I’m thinking of a second career as a wedding planner in San Francisco. Hey, I managed to make the magic happen on a mountain in an apple orchard! Well, with a lot of help.

The second woman I’m in love with this morning is Sen Wendy Davis of TX. http://www.washingtonpost.com/blogs/wonkblog/wp/2013/06/26/who-is-wendy-davis/

Because I’m on the Twittisphere, I followed along in real time on her filibuster in pink sneakers. The NYT called her a “Fashion icon” on the Hill, but she is so much more than a pretty face. What guts, what glory! I could not stand for nearly 13 hours without a potty break. The GOP in the lone star state, those anti-choice politicians so affectionately called “Gynoticians” because of their untiring need to legislate a woman’s body, were trying to sneak in a crippling blow of TRAP bills that would have closed most of the Planned Parenthood clinics in the state. Go ahead you idiot Govenor, try to reconvene and pass those bills. I’m sure there will be people spilling out all over your state house. We women love our bodies enough to fight for them.

We usually know when and how we get pregnant. We know what a rape kit does and does not do. We don’t like to undergo unnecessary and unwanted vaginal probes anywhere and at any time. And yes, we usually know who we love right from the start. Our knees get weak and our hearts start racing, and before you know it we’ve got a ring on our finger – or a brooch –  as Edith and Thea had to hide their relationship. http://www.guardian.co.uk/world/2013/jun/26/edith-windsor-thea-spyer-doma

The government may stop disparaging and injuring women now.

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Photo by Bless Bless Productions

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It’s a weekend for sales. It’s a weekend for barbeque. And it’s a weekend to remember our fallen soldiers; only this time instead of waxing on about our military might, and the bravery exhibited by countless men and women in uniform, I thought I’d take a different tack.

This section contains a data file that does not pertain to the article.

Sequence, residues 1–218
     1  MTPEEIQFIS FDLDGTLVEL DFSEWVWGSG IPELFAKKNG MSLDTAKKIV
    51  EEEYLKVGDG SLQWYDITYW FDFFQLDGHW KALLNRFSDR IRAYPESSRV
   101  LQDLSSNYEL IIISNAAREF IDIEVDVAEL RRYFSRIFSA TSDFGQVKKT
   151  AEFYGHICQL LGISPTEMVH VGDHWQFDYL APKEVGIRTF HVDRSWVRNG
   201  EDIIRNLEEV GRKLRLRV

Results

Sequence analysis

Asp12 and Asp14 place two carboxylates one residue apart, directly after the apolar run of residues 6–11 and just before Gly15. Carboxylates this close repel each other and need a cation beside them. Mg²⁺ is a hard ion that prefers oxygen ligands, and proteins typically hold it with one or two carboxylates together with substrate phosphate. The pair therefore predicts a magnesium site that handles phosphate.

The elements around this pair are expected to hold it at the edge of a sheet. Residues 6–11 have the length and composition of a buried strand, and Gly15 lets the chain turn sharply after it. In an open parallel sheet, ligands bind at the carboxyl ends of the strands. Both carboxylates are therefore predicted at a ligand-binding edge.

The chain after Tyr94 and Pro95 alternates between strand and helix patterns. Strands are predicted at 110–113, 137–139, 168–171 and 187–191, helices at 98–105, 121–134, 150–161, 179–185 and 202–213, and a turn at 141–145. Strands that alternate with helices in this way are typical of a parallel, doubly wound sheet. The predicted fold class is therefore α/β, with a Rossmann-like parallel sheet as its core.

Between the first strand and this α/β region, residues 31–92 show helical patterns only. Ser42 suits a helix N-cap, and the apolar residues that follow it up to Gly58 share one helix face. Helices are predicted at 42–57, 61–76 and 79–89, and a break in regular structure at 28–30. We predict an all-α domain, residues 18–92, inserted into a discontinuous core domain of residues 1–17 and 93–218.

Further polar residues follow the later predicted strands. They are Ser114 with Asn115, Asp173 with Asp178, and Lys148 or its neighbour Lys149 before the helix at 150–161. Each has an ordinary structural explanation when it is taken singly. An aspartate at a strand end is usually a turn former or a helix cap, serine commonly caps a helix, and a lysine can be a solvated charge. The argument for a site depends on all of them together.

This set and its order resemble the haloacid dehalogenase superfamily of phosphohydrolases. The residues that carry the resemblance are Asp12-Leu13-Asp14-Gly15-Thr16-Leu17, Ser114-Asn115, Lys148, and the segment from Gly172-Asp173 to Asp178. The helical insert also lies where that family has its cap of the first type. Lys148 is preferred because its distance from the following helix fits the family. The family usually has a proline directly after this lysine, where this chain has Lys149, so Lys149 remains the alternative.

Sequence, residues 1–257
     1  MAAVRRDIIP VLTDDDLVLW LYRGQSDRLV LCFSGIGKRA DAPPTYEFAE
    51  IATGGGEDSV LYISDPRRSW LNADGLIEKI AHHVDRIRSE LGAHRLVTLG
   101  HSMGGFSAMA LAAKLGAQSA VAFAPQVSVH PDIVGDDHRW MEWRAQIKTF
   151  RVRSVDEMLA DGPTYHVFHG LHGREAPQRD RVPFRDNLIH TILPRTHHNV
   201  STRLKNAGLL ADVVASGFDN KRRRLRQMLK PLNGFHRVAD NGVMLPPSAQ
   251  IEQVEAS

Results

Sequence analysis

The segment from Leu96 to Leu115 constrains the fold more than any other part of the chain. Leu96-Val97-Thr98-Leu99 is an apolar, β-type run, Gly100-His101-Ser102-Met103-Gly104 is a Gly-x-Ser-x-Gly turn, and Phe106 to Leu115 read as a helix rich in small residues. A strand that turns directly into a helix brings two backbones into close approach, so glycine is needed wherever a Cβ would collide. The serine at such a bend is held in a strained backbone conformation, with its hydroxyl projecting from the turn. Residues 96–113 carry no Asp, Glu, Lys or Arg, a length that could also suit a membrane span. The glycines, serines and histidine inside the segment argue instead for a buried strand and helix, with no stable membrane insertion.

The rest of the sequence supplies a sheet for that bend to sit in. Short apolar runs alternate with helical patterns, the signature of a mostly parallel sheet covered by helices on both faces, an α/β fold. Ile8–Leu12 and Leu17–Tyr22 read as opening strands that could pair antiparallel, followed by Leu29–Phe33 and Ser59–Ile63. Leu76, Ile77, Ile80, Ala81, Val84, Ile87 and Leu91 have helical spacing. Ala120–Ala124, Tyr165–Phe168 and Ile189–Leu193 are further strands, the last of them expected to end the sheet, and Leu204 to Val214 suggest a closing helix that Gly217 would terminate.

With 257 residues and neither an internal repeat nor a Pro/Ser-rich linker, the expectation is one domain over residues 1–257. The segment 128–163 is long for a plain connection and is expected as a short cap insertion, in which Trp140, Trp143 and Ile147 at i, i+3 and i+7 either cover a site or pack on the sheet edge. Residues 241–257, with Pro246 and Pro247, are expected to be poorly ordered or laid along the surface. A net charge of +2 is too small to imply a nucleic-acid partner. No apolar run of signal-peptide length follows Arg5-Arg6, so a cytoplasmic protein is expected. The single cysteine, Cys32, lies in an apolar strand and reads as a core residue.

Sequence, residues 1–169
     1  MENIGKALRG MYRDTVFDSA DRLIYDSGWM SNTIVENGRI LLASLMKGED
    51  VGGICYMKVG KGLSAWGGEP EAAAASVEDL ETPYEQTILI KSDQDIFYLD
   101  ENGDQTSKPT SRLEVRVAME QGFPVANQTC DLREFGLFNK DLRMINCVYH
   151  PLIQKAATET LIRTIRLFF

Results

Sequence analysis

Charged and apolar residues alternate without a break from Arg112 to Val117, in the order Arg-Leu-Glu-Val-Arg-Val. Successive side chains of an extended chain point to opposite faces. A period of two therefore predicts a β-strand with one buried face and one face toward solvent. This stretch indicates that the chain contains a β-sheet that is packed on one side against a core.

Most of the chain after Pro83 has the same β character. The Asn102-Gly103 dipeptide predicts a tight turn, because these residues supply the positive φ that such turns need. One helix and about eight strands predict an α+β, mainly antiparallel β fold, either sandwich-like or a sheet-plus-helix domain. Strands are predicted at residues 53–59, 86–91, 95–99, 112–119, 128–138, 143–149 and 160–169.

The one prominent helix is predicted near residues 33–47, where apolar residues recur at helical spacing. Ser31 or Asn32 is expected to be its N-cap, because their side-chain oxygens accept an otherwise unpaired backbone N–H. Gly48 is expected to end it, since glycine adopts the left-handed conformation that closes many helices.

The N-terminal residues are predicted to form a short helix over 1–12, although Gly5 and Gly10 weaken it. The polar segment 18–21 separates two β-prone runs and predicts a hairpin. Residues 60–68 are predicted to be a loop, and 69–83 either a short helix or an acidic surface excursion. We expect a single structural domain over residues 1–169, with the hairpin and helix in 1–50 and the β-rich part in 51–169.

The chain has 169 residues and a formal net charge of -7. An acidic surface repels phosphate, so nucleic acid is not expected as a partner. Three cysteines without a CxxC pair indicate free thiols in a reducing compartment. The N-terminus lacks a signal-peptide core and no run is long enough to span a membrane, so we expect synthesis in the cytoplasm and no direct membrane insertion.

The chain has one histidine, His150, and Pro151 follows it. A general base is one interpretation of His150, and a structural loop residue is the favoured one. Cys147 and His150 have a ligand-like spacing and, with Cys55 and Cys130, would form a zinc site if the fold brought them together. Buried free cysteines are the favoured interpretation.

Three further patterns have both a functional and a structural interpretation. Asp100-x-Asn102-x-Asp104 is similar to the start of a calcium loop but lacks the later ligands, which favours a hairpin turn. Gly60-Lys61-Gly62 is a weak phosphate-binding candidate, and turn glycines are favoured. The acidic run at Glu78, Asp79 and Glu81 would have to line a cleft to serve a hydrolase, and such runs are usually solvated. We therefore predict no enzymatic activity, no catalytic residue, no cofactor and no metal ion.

I have to say I’m a bit embarrassed by: 1)  the crop of sexual harassment charges popping up in all forms; 2)  I’m super-shocked at the continuing hunger strike that is going on at Gitmo. But now I have to think that the pint-sized para-militray operation known as the Boy Scouts of America is taking one tiny step in the right direction. So it came as a bit of a shock to read that 3) Justice Antonin Scalia, a weekend scout leader for decades, has resigned!

“Some of the happiest memories of my adult life have been as a scoutmaster. Huddling under blankets around the campfire, and so forth. But now, all of that has been ruined.Ruined.” http://www.newyorker.com/online/blogs/borowitzreport/2013/05/scalia-resigns-post-as-scoutmaster.html

Let me be clear. I always wanted to be a Brownie. My foster mom didn’t drive, so it was a given that I couldn’t join those coveted ranks and wear that precious uniform with the beauty pageant-like ribbon decorating my chest. I had to sit in sacred Heart Church, in the noxious maroon uniform of Catholic school girls everywhere, bow-tied tight, and just watch as the Brownie troop entered, marching in time, stage to the right of Mary Mother of God. It was unnerving.

And except for finding out that the youngest little Girl Scouts now have a troop called “Princesses” in Cville, I’m delighted to find out that this largest of all organizations dedicated to All-Things-Girl has always had an all-inclusive policy when it comes to their members’ sexuality:  “Girl Scouts of the USA and its local councils and troops value diversity and inclusiveness and do not discriminate or recruit on the basis of race, religion, ethnicity, sexual orientation, socioeconomic status, national origin, or physical or developmental disability,” reads a statement on the organization’s blog. http://www.advocate.com/youth/2012/12/19/3-big-differences-boy-scouts-versus-girl-scouts

Hurray for Girl Power! Now, I’m not sure about that SCOTUS article, since it did seem rather tongue in cheek. But if Scalia did resign, well that is his right. I personally, on this chilly May morning, couldn’t imagine cuddling with him around any campfire, ever!

Thank you President Obama for having the courage to send out the message that this war on terror is not sustainable. That our military needs to be focusing on other things, and that terrorists throughout the world are better caught by intelligent spying and good old fashioned police work. Self-radicalizing nut jobs are becoming much more of an issue world-wide. If a soldier can be hacked to death in broad daylight in a London suburb, why did it not surprise me that a woman, who is a cub scout leader, talked him out of killing anyone else? She said it was better her, than her child who was on the bus with her. http://www.dailymail.co.uk/news/article-2329236/Woolwich-attack–Moment-heroic-woman-tries-remonstrate-knife-wielding-soldier-killer-police-arrived-scene.html

Now that’s what I call courage.